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Fintech in Brief: Interagency Statement on the Use of Alternative Data in Credit Underwriting

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| Legal Update

On December 3, 2019, the Board of Governors of the Federal Reserve System, Consumer Financial Protection Bureau, Federal Deposit Insurance Corporation, Office of the Comptroller of the Currency, and National Credit Union Administration (collectively, the “Agencies”) issued an Interagency Statement that is generally supportive of the use of alternative data in credit underwriting by banks, credit unions, and non-bank financial firms.

Alternative data includes information not typically found in consumers’ traditional credit reports or customarily provided by consumers when applying for credit. It often includes cash flow data derived from consumers’ bank account records that examines categories of income and expenses (e.g., wages, rent, utility, cell phone, and other regular debits and credits), as well as educational and occupational information, social media use, and other online or mobile activities. According to the Agencies, alternative data may “improve the speed and accuracy of credit decisions and may help firms evaluate the creditworthiness of consumers” and “enable consumers to obtain additional products and/or more favorable pricing/terms based on enhanced assessments of repayment capacity.”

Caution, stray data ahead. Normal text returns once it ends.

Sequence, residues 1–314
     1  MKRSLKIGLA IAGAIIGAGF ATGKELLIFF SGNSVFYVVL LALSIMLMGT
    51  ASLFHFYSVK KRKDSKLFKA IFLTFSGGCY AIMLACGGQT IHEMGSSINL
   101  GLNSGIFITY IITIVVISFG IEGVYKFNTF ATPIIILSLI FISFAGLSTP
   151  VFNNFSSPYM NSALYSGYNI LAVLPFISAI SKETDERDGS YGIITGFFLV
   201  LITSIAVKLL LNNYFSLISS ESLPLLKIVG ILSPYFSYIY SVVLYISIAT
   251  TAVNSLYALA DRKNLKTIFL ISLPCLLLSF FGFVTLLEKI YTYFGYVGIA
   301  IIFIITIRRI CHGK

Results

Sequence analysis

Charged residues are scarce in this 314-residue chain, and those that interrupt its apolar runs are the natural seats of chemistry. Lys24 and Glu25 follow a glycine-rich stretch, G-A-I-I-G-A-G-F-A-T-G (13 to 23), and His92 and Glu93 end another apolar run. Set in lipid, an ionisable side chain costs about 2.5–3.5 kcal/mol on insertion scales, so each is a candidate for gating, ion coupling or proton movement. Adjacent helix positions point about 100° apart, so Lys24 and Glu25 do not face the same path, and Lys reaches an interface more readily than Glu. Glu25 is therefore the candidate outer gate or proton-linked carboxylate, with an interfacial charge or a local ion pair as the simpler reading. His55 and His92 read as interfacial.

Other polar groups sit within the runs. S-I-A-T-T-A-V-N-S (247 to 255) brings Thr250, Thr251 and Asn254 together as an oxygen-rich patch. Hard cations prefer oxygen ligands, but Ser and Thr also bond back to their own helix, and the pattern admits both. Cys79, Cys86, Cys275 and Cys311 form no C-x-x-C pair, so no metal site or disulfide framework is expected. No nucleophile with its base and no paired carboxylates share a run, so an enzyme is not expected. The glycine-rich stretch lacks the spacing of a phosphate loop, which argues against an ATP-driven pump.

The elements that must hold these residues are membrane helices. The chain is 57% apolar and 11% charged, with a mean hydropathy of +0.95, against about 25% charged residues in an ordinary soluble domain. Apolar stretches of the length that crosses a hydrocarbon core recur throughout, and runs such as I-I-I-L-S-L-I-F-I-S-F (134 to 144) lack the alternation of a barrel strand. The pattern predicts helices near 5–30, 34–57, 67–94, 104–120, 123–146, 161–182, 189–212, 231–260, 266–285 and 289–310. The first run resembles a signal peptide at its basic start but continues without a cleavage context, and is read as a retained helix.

The Interagency Statement highlights the potential financial inclusion benefits of using alternative data in credit underwriting by expanding access to credit and capital to consumers and small businesses. However, the Interagency Statement also cautions that the use of alternative data and analytical methods raises questions about how to effectively leverage new technological developments that are consistent with applicable consumer protection laws such as fair lending laws, prohibitions against unfair, deceptive, or abusive acts or practices, and the Fair Credit Reporting Act. Banks, credit unions, and non-bank financial firms are also advised to apply the federal banking agencies’ model risk management guidance, which contains principles for managing risk related to models, including those that may leverage alternative data. Finally, the Interagency Statement describes the components of a well-designed compliance management program which should include, among others, appropriate testing, monitoring, and controls to ensure consumer protections risks are understood and addressed.

Although the Interagency Statement highlights the potential consumer protection issues from a lending standpoint, it does not, however, highlight the potential data protection and related privacy issues that arise with the aggregation, use, and sharing of alternative data across platforms. As detailed in the Treasury Department’s July 2019 Report on financial technology and financial innovation, the Agencies should support the Treasury Department’s recommendation that consumers should have the right to permission their own financial data for third-party use.

This update is for information purposes only and should not be construed as legal advice on any specific facts or circumstances. Under the rules of the Supreme Judicial Court of Massachusetts, this material may be considered as advertising.

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